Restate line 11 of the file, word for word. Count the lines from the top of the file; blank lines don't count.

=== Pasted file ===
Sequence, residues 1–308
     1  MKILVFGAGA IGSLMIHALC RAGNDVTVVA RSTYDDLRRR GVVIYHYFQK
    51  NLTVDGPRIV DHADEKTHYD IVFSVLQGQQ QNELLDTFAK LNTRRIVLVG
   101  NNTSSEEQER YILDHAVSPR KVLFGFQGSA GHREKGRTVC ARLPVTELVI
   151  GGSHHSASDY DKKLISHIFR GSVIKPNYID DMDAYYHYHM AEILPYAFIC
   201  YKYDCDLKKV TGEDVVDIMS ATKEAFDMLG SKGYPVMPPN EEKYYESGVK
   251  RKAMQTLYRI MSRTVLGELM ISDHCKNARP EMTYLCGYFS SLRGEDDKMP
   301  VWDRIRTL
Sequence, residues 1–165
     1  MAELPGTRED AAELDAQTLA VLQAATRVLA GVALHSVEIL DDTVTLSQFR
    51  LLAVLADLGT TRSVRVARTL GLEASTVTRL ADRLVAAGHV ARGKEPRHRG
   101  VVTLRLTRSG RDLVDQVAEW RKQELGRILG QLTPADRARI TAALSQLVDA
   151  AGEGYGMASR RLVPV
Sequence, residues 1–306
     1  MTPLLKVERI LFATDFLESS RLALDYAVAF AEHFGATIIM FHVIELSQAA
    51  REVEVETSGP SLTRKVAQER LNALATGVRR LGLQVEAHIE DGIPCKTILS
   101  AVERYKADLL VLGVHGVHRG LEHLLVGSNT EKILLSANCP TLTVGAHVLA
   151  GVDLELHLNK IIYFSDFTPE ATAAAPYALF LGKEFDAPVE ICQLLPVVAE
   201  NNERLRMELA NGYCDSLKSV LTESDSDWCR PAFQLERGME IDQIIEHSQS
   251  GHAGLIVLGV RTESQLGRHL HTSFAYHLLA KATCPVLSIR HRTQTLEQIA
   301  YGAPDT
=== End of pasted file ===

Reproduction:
    51  LLAVLADLGT TRSVRVARTL GLEASTVTRL ADRLVAAGHV ARGKEPRHRG